Battle of Alford
Battle of Alford
2nd July 1645
Name: Battle of Alford
Date: 2 July 1645
War period: Civil War
Start time and Duration: Morning start
Outcome: Scottish royalist victory
Armies and losses: Covenanter: around 2,000 foot, 800 horse though the Covenanter commander judged himself outnumbered 2:1 in foot and very slightly in horse; Royalist: 1800 foot, 400-500 horse. Losses: Covenanter: about 700; Royalist: light.
Location: Different interpretations place the fighting either north or north-west of the village of Alford
Map details: Grid reference NJ5681316296 (356813, 816296); OS Explorer Map OL 59; OS Landranger map 37
A Scottish royalist advance toward the Lowlands forced a Covenanter army, which had been depleted of troops transferred away by the government, to fight and lose a battle.
The Covenanter government of Scotland negotiated an alliance with the English parliament and entered the war in England in early 1644. The Scottish army had a significant impact in the campaign for the north of England, culminating in the royalists’ dramatic defeat at Marston Moor (Yorkshire, July 1644). In response, Charles I appointed the Marquis of Montrose as his military commander in Scotland. On 28th August 1644 Montrose raised the royal standard and, with little more than 2000 troops, fought a campaign in which he had won a series of dramatic successes in the Highlands against the Covenanter government forces. Heavily outnumbered, he effectively exploited the terrain to outmanoeuvre his enemy defeating the government forces at Tippermuir, Aberdeen, Fyvie, Inverlochy, and in the major action at Auldearn.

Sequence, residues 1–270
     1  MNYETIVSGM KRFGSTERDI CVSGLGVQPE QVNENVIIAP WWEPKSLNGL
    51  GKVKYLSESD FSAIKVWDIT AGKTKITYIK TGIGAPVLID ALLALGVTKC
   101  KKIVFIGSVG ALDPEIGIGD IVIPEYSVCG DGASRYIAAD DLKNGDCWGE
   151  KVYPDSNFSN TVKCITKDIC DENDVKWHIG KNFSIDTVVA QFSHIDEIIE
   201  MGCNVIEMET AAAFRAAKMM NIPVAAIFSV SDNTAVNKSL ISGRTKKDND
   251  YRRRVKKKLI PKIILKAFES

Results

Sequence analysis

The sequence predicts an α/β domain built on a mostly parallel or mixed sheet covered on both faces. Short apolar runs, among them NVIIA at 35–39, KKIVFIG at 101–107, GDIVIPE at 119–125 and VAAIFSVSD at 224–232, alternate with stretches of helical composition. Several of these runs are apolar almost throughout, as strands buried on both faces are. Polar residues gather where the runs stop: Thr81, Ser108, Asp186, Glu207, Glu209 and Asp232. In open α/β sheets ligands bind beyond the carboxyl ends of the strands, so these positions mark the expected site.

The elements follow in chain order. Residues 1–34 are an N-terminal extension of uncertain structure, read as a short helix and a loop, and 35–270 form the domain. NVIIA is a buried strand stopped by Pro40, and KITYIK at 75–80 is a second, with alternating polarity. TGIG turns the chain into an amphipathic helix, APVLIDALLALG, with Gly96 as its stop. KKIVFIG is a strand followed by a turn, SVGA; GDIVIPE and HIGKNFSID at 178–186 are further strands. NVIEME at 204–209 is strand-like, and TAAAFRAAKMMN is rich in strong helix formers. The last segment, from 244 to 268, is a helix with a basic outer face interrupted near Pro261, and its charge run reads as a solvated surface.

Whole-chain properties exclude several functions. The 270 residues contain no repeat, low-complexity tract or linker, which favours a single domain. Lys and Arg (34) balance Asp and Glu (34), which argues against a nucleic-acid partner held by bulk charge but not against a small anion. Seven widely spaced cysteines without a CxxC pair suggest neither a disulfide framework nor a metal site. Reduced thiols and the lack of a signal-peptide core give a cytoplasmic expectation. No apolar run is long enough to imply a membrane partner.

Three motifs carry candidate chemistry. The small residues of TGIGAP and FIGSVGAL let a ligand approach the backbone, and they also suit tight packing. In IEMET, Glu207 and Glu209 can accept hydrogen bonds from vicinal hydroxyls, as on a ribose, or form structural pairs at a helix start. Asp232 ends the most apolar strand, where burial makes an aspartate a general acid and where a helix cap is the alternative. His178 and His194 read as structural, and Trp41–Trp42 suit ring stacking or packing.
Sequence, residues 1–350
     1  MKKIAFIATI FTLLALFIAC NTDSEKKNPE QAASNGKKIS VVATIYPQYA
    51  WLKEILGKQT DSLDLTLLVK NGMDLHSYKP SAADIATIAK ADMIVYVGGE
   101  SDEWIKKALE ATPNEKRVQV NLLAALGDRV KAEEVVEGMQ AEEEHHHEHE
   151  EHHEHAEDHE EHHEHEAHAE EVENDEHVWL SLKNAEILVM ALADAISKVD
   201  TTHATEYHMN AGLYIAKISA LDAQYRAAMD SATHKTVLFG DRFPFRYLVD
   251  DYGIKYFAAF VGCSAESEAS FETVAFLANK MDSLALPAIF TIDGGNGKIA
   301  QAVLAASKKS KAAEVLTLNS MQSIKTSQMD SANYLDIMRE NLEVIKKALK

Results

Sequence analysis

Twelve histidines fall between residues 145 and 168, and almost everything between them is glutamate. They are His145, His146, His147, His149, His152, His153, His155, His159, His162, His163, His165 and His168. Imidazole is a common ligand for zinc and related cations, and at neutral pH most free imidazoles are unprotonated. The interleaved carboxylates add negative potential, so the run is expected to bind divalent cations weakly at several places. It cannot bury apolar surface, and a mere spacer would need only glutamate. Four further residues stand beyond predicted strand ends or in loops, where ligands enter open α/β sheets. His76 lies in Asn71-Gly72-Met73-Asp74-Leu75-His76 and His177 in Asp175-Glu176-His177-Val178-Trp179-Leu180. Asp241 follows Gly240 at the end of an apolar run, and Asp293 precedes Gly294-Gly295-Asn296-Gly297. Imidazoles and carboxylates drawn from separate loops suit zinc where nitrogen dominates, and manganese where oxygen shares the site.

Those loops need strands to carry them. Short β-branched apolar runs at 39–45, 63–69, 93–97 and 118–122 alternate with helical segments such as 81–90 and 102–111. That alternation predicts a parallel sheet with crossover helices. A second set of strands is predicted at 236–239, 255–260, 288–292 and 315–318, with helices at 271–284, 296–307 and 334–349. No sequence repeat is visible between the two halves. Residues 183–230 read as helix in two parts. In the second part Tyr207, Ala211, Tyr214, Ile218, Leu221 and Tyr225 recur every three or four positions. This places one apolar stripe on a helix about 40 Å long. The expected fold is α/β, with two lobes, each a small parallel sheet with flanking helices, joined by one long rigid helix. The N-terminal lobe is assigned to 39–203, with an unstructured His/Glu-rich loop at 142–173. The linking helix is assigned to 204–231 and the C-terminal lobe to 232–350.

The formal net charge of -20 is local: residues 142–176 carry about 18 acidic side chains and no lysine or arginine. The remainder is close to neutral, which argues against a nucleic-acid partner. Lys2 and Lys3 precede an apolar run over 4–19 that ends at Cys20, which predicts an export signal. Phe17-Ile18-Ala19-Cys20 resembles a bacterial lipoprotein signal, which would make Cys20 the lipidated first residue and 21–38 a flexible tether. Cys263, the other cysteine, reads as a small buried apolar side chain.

But there were still significant government forces in the field, under the experienced commander General Baillie. He played a game of cat and mouse with Montrose in the weeks after Auldearn, marching across Moray and Aberdeenshire. Finally, at the end of June, finding Montrose’s army as depleted as his own, Baillie considered he could face the royalists in open battle. But Baillie’s actions were heavily constrained by government interference. Not only did they interfere in tactical matters, they transferred 1000 of his best troops to a separate army under Lindsay, which then acted independently instead of combining against the royalists. Montrose now marched south, towards the Lowlands, leaving Baillie no option but to follow in pursuit.
On the 1st July, having crossed the river Don, Montrose chose very strong ground on which to fight, and then quartered his army for the night, according to tradition possibly at Asloun, 2 miles south west of the crossing a the Boat of Forbes.
On the morning of the 2nd July, Montrose deployed his army to engage Baillie as soon as he had crossed the river.
A REPORT ON THE BATTLE, PREPARED FOR HISTORIC SCOTLAND BY THE BATTLEFIELDS TRUST, IS AVAILABLE FROM THE DOWNLOAD AREA ON THE LEFT